Pam Smith, a niece of Ms. Jones's. He tended a crackling fire to
roast two red salmon, each wrapped in giant skunk cabbage leaves.
After 90 minutes, the fish were warm but still raw, so Ms. Smith
threw them into an oven.
Leduey's Eyak odyssey began at age 12, when he happened on the language
while trolling through an online dictionary of languages in his
hometown of Le Havre. By searching more online, he discovered Eyak
appeared to have only one native speaker, Ms. Jones.
was like, 'Wow, one speaker left. I must do something to learn the
language'," Mr. Leduey says. His parents were less than thrilled.
"They don't think it's useful," he says.
little online material on Eyak, Mr. Leduey obtained one of Mr. Krauss's
texts on the subject, and turned to Laura Bliss Spaan, a filmmaker
in Anchorage, Alaska, who directed a documentary about Ms. Jones.
Ms. Spaan sent Mr. Leduey the film and some more of Mr. Krauss's
April 2009, Mr. Leduey showed off his Eyak skills to Ms. Spaan while
she was visiting France. "We were outside one of the most beautiful
cathedrals in Paris and Guillaume showed me some graffiti of an
octopus," she says. "He instantly told me three different
ways to say 'octopus,'" which is "tsaaleexoquh" in
this year, Ms. Spaan suggested Mr. Leduey visit Mr. Krauss in Fairbanks,
Alaska, where he teaches. After Mr. Leduey's June arrival, Mr. Krauss
cloistered him in a room for up to five hours a day to pore over
Eyak documents. To break the monotony, Mr. Leduey sang songs in
Eyak to Scamper, the professor's Norwich Terrier.
Leduey also traveled to Cordova, where the Eyaks made their last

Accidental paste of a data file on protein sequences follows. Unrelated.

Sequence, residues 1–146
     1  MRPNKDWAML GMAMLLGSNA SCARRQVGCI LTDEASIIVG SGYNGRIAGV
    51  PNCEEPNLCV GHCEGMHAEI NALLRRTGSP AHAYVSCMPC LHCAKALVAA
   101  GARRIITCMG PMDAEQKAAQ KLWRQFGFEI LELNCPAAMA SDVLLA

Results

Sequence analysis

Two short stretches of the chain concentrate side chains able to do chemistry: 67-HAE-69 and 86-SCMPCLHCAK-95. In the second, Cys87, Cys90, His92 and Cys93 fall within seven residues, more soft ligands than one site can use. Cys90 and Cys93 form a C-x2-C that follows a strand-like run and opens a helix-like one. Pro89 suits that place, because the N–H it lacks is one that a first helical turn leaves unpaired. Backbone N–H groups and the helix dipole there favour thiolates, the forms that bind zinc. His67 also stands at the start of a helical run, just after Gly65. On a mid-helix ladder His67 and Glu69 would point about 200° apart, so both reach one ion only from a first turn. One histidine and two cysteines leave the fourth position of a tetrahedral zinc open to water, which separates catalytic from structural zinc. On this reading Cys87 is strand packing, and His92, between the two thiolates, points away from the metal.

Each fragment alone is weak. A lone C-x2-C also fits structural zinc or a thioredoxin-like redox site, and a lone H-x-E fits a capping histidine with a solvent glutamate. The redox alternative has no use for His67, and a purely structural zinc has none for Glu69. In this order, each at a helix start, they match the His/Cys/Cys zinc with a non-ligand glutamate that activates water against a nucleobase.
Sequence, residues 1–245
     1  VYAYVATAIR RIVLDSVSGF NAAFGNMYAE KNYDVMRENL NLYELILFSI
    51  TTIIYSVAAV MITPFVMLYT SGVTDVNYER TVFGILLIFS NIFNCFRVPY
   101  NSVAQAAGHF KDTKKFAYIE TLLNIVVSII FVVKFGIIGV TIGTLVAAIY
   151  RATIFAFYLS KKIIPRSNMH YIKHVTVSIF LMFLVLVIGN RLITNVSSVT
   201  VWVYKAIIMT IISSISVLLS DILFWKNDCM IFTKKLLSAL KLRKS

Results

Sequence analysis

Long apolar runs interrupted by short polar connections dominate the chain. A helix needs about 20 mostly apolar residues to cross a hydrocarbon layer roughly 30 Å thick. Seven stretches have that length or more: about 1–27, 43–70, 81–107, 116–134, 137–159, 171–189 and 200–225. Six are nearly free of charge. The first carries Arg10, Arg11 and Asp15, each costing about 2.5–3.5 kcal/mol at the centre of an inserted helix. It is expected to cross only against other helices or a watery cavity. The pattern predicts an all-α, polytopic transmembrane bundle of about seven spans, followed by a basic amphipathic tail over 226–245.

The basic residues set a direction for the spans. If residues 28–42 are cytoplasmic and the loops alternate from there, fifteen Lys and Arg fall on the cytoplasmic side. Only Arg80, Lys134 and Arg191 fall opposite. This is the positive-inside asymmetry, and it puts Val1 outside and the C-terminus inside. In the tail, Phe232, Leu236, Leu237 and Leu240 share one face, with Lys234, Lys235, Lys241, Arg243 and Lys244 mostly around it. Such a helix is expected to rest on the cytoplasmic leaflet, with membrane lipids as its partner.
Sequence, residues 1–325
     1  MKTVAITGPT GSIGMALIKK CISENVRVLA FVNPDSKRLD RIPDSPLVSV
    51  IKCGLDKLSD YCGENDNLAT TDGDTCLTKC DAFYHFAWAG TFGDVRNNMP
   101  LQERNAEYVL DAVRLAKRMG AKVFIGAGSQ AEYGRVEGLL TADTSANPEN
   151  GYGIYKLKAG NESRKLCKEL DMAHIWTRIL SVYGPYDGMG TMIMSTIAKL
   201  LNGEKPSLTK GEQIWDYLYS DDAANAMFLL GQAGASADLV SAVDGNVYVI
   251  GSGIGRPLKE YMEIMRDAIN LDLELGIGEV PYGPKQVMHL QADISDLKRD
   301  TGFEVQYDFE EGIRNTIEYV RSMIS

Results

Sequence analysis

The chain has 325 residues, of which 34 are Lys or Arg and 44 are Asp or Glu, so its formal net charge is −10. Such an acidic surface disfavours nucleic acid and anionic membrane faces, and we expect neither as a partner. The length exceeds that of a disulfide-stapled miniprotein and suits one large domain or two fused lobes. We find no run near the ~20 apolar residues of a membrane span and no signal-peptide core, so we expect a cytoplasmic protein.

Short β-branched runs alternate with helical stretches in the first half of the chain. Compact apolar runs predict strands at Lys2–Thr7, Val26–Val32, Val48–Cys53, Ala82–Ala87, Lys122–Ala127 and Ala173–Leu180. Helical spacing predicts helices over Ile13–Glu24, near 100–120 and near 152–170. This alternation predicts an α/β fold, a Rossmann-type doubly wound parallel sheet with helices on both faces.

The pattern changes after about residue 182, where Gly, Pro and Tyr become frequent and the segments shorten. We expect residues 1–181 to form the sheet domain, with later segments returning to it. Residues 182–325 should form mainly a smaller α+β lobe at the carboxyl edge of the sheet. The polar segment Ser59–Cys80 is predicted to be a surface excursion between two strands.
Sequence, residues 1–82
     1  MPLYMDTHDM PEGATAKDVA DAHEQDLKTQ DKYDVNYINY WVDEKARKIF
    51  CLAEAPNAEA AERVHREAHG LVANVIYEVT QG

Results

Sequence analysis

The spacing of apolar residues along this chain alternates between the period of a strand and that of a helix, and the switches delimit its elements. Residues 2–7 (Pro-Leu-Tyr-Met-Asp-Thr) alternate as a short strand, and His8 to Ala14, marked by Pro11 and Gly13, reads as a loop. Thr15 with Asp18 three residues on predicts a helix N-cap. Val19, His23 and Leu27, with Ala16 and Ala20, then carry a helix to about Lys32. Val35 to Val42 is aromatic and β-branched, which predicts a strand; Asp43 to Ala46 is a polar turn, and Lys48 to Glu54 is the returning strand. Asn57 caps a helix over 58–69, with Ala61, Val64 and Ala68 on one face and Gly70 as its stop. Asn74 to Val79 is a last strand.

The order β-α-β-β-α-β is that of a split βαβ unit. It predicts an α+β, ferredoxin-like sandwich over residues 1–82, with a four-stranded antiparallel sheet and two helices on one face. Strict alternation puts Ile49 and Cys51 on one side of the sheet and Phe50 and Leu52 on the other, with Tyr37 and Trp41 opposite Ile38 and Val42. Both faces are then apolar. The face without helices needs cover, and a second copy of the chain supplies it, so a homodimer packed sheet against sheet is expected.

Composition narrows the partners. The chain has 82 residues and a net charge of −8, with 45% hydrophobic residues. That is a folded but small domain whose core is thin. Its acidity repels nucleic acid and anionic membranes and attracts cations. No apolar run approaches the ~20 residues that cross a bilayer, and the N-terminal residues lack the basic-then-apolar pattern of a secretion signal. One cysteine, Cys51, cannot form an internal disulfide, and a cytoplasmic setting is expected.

stand against being swallowed up by civilization. Cordova boasts
Eyak Corp., a legal entity for native groups in Alaska, with about
400 members. Membership is dominated by rival Tlingits, who helped
take over the Eyak territory, along with white settlers, says Dune
Lankard, one of about 50 in the corporation with Eyak blood. Bits
of the language remain alive even though its fluent, native speakers
are people talking like they're Eyaks but they're not Eyaks,"
says Mr. Lankard, a commercial fisherman.
Cordova last month, some part-Eyaks showed Mr. Leduey a demolished
village site and took him to a natural attraction called Child's
Glacier, where a harbor seal leapt out of the icy water. "Keeltaak,"
Mr. Leduey blurted out, using the Eyak word for the animal.
stopping to inspect a roadside sign about Eyaks, Mr. Leduey caught
a barely perceptible error. The sign uses the Eyak word "saqehl"
for people who go by boat; Mr. Leduey said it should be "saqehl,"
with a bar through the "l."
10 to 15 people have shown interest in Eyak lessons, he says. Mr.
Leduey recently huddled at a kitchen table with Mr. Lankard, 50,
and Ms. Curry, 53, for a lesson. "Adate'ya," Mr. Leduey
said for "silver salmon." Mr. Lankard struggled with the
guttural sound. "I can't even say that," he says.
the early stigma about their language, "it feels right to learn
now," Ms. Curry says. "This will help keep my mom's memory
and spirit alive."